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Businessman loses property over debt

by Staff reporter
15 Dec 2019 at 12:24hrs | Views
A BULAWAYO businessman had his property which included three vehicles attached by the Sheriff after he failed to pay a debt of US$384 177 he owed a fellow businessman.

The property attached from the house includes a Toyota Rav4 rated at RTGS$20 000, Mazda Axela valued at RTGS$15 000, Honda Odyssey valued at RTGS$12 000, double-door fridge (RTGS$7 000), dinner table and chairs worth $8 000, treadmill priced at $5 000 and a four-piece leather brown sofa set which costs RTGS$15 000.

The attachment followed a judgement by the High Court's Justice Martin Makonese that Ismail Moosa Lunat should pay the US$384 177 debt owed to fellow entrepreneur Mohamed Zakariya Patel at the prevailing interbank rate.

Justice Makonese described Lunat's claim that he had signed the document because Patel had threatened to sell properties belong to relatives as "improbable and utterly ridiculous".

Lunat was also ordered to pay the costs of the suit.

Acting on the High Court judgment, the Sheriff on Friday, proceeded to attach and remove moveable property from Lunat's house in Kumalo and also from his offices at Davids Mansions. In addition, the Sheriff was instructed to attach 50 percent of the shareholding in Dodge Seven Investments (Pvt) Ltd, a company that Lunat co-owns with his wife Angela Maria Coelho Costa Lunat.

According to a reliable source who is close to Lunat, the Sheriff cleaned Lunat's house of all his property and left beds only.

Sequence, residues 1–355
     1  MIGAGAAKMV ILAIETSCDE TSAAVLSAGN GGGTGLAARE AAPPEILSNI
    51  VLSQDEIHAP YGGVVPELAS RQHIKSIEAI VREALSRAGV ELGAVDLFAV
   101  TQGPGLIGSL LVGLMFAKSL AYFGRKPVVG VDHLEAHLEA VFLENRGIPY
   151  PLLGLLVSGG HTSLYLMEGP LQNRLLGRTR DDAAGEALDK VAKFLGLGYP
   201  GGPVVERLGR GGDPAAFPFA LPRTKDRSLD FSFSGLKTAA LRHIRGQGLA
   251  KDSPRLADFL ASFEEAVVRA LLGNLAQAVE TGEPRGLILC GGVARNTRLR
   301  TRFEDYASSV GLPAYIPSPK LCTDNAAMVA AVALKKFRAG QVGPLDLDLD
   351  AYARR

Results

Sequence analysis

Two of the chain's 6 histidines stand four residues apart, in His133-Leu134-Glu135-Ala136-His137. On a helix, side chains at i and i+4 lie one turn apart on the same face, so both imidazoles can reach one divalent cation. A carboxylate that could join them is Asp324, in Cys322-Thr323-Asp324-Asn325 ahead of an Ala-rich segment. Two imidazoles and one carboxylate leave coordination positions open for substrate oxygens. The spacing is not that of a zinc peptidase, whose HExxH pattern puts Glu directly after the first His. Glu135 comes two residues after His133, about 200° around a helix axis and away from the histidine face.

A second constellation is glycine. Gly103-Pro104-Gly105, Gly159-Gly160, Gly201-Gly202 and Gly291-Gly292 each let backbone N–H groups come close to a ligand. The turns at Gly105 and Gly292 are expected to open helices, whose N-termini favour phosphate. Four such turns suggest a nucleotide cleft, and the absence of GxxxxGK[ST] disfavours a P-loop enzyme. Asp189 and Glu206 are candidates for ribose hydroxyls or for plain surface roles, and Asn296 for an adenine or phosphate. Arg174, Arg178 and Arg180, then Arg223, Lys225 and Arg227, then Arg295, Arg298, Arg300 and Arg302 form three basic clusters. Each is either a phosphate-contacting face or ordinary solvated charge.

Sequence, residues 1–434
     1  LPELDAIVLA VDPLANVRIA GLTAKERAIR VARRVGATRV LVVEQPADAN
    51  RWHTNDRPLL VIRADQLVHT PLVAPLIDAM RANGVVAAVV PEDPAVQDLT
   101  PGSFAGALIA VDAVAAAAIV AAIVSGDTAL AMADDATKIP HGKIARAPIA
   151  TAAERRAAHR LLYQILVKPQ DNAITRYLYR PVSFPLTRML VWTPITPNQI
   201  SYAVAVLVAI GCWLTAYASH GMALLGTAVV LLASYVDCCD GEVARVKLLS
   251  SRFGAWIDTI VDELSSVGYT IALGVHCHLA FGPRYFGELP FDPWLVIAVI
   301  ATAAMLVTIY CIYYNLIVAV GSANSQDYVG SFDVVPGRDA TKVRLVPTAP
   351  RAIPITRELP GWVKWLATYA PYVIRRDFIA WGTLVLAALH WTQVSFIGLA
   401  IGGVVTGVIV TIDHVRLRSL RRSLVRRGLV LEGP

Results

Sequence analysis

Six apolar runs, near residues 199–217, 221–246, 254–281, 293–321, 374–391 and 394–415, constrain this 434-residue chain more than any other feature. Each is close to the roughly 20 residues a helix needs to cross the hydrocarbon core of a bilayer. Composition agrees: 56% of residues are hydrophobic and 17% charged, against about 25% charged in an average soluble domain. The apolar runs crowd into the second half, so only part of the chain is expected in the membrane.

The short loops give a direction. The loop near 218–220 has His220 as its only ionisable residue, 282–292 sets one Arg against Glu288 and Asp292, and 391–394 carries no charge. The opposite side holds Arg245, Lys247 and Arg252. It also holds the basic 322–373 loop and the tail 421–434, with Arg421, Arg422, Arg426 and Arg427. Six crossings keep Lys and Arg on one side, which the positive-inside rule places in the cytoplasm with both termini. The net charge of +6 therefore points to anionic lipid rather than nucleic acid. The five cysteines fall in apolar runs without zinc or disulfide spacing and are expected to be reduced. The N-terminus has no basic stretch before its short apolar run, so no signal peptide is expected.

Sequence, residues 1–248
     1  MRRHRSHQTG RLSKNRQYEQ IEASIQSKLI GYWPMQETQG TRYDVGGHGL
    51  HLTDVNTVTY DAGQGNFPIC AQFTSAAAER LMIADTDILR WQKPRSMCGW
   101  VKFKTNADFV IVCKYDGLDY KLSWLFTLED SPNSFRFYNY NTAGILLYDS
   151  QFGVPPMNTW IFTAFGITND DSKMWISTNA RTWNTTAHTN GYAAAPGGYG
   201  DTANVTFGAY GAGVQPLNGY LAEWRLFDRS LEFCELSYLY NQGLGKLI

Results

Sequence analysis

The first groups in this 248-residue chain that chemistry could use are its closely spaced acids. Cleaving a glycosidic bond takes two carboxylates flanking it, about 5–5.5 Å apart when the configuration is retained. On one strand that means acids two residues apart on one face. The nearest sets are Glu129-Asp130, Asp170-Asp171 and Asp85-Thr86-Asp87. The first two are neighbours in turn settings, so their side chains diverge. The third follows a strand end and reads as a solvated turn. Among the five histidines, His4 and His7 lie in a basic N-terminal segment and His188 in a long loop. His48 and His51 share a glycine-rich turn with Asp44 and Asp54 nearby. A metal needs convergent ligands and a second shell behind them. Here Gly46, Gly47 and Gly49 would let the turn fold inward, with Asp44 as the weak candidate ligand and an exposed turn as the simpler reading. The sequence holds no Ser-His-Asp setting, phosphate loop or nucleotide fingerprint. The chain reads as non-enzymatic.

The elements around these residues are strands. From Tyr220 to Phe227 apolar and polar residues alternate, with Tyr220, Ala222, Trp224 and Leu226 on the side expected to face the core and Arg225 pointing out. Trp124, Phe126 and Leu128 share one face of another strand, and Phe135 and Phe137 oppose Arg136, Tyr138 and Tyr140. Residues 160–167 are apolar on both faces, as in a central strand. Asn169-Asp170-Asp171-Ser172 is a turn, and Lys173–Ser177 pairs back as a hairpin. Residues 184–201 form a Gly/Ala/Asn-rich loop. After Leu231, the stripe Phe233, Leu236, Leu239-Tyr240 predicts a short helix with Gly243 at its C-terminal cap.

The writ of attachment further read that if the moveable property from the said premises are insufficient to satisfy the judgment, the Sheriff should proceed to attach Lunat's Baxendale Road Kumalo property under Deed of Transfer 56/2008.

The property attached from the house includes a Toyota Rav4 rated at RTGS$20 000, Mazda Axela valued at RTGS$15 000, Honda Odyssey valued at RTGS$12 000, double-door fridge (RTGS$7 000), dinner table and chairs worth $8 000, treadmill priced at $5 000 and a four-piece leather brown sofa set which costs RTGS$15 000.

Patel's lawyers, Samukange Hungwe Attorneys through Gula Ndebele and Partners, called for the speedy attachment of the moveable property as they argued that Lunat was a man without integrity.

"We genuinely believe that the judgment debtor is a man without integrity. He has defrauded not only our client but several other people known to us. It may be in the best interests of justice, in our view, that you exercise your discretion in terms of Rule 326A (b) (i) of the High Court Rules, 1971," reads the letter to the Sheriff of Zimbabwe.

According to court papers, Lunat signed an acknowledgement of debt on 11 January 2019, admitting that he owed Patel US$384 177. The respondent signed the acknowledgement of debt in the presence of a witness, Hetnesh Patel. The respondent renounced the benefits of all the legal exceptions, non cuasa debiti, non numeratae pecuniae, error calculi, revision of accounts, no value received and other exception which might or could be taken. The respondent acknowledged that he was fully acquainted with the full meaning and effect of the instrument before appending his signature thereto.